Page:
Compare: Difference unkown: Eren has 7 marbles and Sara has 4 marbles. How many more marbles does Eren have than Sara?

Compare: Larger unknown: Eren has 3 more marbles than Sara. Sara has 4 marbles. How many marbles does Eren have?

In the related literature, studies about pre-school children's problem solving skills are available (Altun et al., 2001; Carpenter et al., 1983; Carpenter et al., 1993; Davis and Pepper, 1992; Manchesa et al., 2010; Monroe, and Panchyshyn, 2005; Patel and Canobi, 2010; Tarım, 2010; Tarım and  Artut, 2005). However; it has been thought that more studies about preschool children skills in problem solving are needed.  In Turkey, no studies investigating pre-school children's addition-subtraction based mathematical word problems in line with the categories mentioned above have been found. Therefore, it has been thought important to consider the children's all answers to all problem categories regarding age factor.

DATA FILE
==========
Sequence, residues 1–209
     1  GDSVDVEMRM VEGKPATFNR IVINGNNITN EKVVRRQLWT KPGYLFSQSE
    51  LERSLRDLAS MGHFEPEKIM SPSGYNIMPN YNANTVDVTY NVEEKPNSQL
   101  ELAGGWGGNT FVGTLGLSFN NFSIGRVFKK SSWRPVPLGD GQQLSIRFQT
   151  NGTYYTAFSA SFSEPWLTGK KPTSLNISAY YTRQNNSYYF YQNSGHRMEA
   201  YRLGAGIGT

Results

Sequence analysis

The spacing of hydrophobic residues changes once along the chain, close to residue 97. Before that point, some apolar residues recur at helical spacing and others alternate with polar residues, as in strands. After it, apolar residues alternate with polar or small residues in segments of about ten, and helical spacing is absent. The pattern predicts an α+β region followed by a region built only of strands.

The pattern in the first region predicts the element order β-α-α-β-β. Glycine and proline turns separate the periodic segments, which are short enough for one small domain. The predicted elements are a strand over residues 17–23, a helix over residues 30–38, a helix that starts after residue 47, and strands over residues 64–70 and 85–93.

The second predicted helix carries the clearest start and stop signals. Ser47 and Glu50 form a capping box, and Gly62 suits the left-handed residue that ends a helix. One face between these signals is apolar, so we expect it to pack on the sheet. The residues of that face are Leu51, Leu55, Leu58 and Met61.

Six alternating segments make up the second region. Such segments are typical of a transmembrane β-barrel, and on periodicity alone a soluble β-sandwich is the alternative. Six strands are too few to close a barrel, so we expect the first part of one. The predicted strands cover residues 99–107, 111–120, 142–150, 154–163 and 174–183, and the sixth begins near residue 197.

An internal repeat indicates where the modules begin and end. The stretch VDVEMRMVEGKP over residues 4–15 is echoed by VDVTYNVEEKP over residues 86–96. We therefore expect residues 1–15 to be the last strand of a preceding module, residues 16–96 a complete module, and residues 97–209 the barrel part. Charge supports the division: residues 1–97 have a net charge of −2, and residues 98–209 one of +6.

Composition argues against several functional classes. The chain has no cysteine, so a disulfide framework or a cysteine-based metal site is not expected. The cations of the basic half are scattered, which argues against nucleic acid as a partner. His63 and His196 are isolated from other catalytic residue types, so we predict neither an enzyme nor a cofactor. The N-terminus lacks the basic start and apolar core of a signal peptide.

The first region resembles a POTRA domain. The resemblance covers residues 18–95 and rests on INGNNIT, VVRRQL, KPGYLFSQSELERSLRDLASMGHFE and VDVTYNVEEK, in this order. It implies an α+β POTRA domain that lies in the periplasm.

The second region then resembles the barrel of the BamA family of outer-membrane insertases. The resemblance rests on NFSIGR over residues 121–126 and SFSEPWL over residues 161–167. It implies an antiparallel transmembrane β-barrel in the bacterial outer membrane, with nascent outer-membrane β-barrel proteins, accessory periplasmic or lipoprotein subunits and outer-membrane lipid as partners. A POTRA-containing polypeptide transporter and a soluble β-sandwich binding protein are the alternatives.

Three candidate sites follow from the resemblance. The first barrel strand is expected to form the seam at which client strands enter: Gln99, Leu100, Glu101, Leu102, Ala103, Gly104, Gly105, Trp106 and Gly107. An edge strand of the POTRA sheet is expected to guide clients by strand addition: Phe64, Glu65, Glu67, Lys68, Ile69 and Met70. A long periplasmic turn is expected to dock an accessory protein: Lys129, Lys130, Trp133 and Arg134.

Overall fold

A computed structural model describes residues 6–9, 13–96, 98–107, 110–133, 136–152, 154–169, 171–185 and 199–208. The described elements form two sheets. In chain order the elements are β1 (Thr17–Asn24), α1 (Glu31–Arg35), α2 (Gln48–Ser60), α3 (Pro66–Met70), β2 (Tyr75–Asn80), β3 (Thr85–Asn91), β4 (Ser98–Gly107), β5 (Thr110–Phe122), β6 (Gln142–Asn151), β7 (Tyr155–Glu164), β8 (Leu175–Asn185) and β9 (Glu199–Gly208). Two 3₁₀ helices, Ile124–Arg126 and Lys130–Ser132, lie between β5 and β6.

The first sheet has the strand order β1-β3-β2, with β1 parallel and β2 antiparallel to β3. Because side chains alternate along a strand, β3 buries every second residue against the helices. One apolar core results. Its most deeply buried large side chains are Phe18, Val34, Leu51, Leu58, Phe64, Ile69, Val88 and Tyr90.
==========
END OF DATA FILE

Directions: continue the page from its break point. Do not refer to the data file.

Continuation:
In relation to this,  Cummins et al. (1988) state that  word mathematical problems are clearly  demanding for children  to solve. They claim that this can derive from the  difficulty in understanding  abstract or ambiguous  language, so it was thought that it can be important to investigate the effect of the language used during the presentation of the problems on the children’s performance of word mathematical problems.

In line with this background, the research questions of this study are as follows:

1.What is children's general achievement of word mathematical problems based on addition and subtraction ?

2.How is the children's general achievement of word mathematical problems based on addition and subtraction  in terms of gender and age ?

3.What is the children's' achievement of problems with small numbers and problems with large numbers in each category ?